Imagine yourself in a multiplex movie theater. Curiously, no walls separate the half-dozen theaters that form the multiplex. Miraculously, you are watching six different screens all at once, thoroughly understanding and enjoying every scene, word, character.
Welcome to ADHD.
[You in the Real World, be sure to click on the red underlined hyperlinks!]
“Phone’s for you, Jack,” calls out the receptionist to the physical therapist ardently convincing my right shoulder it used to move.
“Tell ’em I’m busy with an uncooperative patient,” says Jack, who looks down and winks. “Tell ’em it’s Blackie. They’ll understand.”
“That’s who the insurance company is calling about – Blackie. They demand to talk to you. Now.”
Nobody say a word, whispers Screen Four. Maybe Jack will forget he was working us over and go terrorize somebody else.
A necessary evil, chides Five. Don’t you remember The Accident just over a year ago – that high-speed Toyota smashing into Blackie’s bicycle – and how his left shoulder needed the surgery AND months of therapy?
Of course we do, replies One. But in this accident from a month ago, the car only clipped him and took off. It didn’t kill our human … just shattered his right shoulder. Surgery should have been enough.
Jack returns, eyebrows furrowed deeply. “Bad news, Black. Your insurance company has a chart that claims you should be completely healed by now.”
What? bellows Six. Are they aware you died the first time, boss? Do they know this go-round you can’t even put your right hand in your front pocket yet?
Works well, smirks Three. No reaching for the lunch tab.
I step outside, busted shoulders sagging, and start the trek home in the warm sun of Huntington Beach. Screens replay Jack’s sincere apology as I wobble up to the street corner, my balance stolen by The Accident. A red light detains two rows of several cars as well as a couple of young men speaking rather loudly.
Blackie! shouts Six. Hear these guys?
The first says with laughter, “Man, that car be burnin’ up!”
“Yeah,” says the second, “and that foolish woman don’t even be knowin’ it.”
That’s NOT what they said, chastises Three.
Keepin’ it family, reminds Two.
I look beyond the men to the vehicle they describe. In the distant lane, a small white car has flames roaring beneath it while a middle-aged Asian woman sits blissfully unaware.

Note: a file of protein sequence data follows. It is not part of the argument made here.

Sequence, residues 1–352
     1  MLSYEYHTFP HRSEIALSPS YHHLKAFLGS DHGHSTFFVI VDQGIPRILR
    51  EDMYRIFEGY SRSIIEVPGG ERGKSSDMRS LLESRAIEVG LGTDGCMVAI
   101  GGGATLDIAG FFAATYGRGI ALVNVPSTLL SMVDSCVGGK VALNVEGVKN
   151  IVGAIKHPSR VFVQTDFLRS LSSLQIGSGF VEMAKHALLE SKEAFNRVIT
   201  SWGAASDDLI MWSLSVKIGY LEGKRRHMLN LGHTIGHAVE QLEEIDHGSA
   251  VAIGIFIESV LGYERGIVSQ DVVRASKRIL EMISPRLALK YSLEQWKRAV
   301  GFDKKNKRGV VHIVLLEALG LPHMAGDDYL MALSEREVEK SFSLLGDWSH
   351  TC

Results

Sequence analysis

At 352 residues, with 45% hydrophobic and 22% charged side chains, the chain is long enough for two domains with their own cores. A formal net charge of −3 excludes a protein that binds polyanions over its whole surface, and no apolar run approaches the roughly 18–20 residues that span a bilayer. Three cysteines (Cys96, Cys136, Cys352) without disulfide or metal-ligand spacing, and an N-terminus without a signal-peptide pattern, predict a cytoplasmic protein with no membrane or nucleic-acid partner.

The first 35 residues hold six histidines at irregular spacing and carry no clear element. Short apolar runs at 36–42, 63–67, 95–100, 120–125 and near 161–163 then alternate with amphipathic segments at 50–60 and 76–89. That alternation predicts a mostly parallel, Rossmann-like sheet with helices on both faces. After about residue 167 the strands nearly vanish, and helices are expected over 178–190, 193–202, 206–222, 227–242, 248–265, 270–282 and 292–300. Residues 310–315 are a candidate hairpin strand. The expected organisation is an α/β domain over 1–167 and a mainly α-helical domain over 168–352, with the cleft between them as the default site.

All six screens hit hyperfocus, joining images to form one giant IMAX screen. Motion kicks in without waiting for intelligence. I, threading stopped traffic in an off-balance, loping manner, pound the raised driver’s side window, screaming, “You’re on fire!”
Inside, the tiny Oriental woman stares uncomprehendingly as high heat surges against my shorts and legs. She’d best get moving, calmly counsels One. May blow any minute.
“Why don’t you guys warn me this way?”
We’re gonna toast! shrieks Three. That good enough?
I grab the car door with my left, swing the door wide, and echo in a small interior, “The car’s on fire! Get out, get out, get out!”
The woman cowers, burrowing beneath the steering wheel. Left-handed, I grab her shirt and pull until enough of her squirts free for me to wrap an arm around her body and lift her completely out of the car.
Now what? asks Two in an eerily high voice. This car’s on fire. All the other cars are packed around it, waiting for the light.
I look away from the flames to scan the other drivers, my unintended and unmoving audience. What’s wrong with these people? asks One. Don’t they understand they’re going to blow up right along with you?
No time to consider the gravity of One’s last sentence because the frightened woman starts to climb back in. Push her out of the way, commands Six. Jump in. Drive away before this car explodes!